Say hello to SENIRA: Oil's well

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  • Published: Jul 1, 2016
  • Author: David Bradley
  • Channels: Infrared Spectroscopy
thumbnail image: Say hello to SENIRA: Oil's well


University of Houston researchers report that for the first time, surface-enhanced near-infrared absorption (SENIRA) spectroscopy has been demonstrated for high sensitivity chemical detection. (Credit American Chemical Society/University of Houston)

Researchers in the US have demonstrated for the first time that surface-enhanced near-infrared absorption (SENIRA) spectroscopy can be used as a highly sensitive analytical tool. While NIR absorption spectroscopy is rather useful for extracting molecular and chemical information through the overtones and combination bands of a molecule's fundamental vibrational modes, its sensitivity is limited somewhat by weak absorption and less effective detector performance when compared with spectroscopic techniques in other wavelength ranges.

Now, Wei-Chuan Shih, Greggy Santos, Fusheng Zhao, Oussama Zenasni, and Md Masud Parvez Arnob of the University of Houston, in Texas, believe they have found a way to improve this technique considerably that would open up new applications in downhole drilling analysis in the oil and gas industry and perhaps even broadening the spectrum of solar light that can be harvested and converted to electricity. The new technique is also more compatible with samples containing water. Shih and colleagues report details in the journal Nano Letters.

"From a scientific point of view, it's quite a novel discovery to excite plasmonic resonance at near-infrared and make it work for us," Shih says.

We shall overcome

"To overcome these barriers, we have developed a novel technique to simultaneously obtain chemical and refractive index sensing in 1 to 2.5 micrometre NIR (near infrared) wavelength range on nanoporous gold (NPG) disks, which feature high-density plasmonic hot-spots of localized electric field enhancement," the team explains. "For the first time, surface-enhanced near-infrared absorption (SENIRA) spectroscopy has been demonstrated for high sensitivity chemical detection."

Shih adds that working with NIR is usually "a double-edged sword," as it can be used with water-based samples but does not provide adequate detail in my experiments. "We showed water is not an issue, but we can also increase the sensitivity of what we want to measure by 10,000 times," he says.

Direct to disk

The researchers have been investigating nanoporous gold disks since discovering the structure in 2013. In the present study they have designed, or tuned, the nanodisks to react in a particular way when exposed to specific wavelengths, making it possible to develop a sensing technique with the advantages of both IR and NIR scanning. Proof of principle was demonstrated with various crude oil samples as well as hydrocarbon samples, which given their location is of particular commercial interest. The technique would be useful in downhole fluid analysis, which uses near infrared spectroscopy to analyse material found deep in an oil or gas well. Usually, the technique allows those drilling for oil to quickly discovery what is below the ground or seabed. However, the new technique will simplify this discovery process partly because it requires a smaller sample that can be handled more easily for laboratory characterization.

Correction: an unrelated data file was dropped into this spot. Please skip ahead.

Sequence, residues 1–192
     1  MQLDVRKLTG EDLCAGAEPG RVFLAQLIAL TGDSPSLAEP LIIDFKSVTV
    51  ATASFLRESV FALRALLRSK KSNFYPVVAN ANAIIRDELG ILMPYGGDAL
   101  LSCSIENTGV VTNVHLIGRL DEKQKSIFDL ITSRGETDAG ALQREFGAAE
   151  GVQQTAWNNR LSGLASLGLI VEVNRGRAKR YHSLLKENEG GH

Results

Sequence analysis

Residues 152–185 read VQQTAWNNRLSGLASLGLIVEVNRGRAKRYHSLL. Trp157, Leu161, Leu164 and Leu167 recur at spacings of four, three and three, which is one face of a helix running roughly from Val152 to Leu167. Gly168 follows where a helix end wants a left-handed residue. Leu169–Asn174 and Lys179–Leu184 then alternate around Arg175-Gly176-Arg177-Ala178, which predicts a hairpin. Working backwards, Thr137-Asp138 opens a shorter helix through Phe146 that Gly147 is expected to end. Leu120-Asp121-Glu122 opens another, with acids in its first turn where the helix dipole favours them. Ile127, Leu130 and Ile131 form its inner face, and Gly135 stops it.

Optical spectroscopy has been widely used by the industry for in situ fluid analysis, indeed at these wavelengths it is the industry standard for "wireline" well logging. However, SENIRA offers a new prospect in the field and in the laboratory. Shih explains that the researchers are thinking about how the technique might best be implemented in each setting. "We can do a lot of oil typing with tiny amounts of oil," he says. The first overtones of the C-H vibration in the 1600 to 1800 nanometre region are very different for different liquid hydrocarbons, so the SENIRA approach will be particularly useful for distinguishing crude oils, particularly those rich in asphaltenes. However, while the Texas team's work focused on oil and hydrocarbon samples, the same approach could be used for samples containing any molecules of interest.

Shih told SpectroscopyNOW that is looking to new collaborators and funding. "There are many things we’d like to study regarding this mechanism from harvesting the solar spectrum to bioimaging and sensing," he added.

Related Links

Nano Lett 2016, online: "Simultaneous Chemical and Refractive Index Sensing in the 1–2.5 µm Near-Infrared Wavelength Range on Nanoporous Gold Disks"

Article by David Bradley

The views represented in this article are solely those of the author and do not necessarily represent those of John Wiley and Sons, Ltd.

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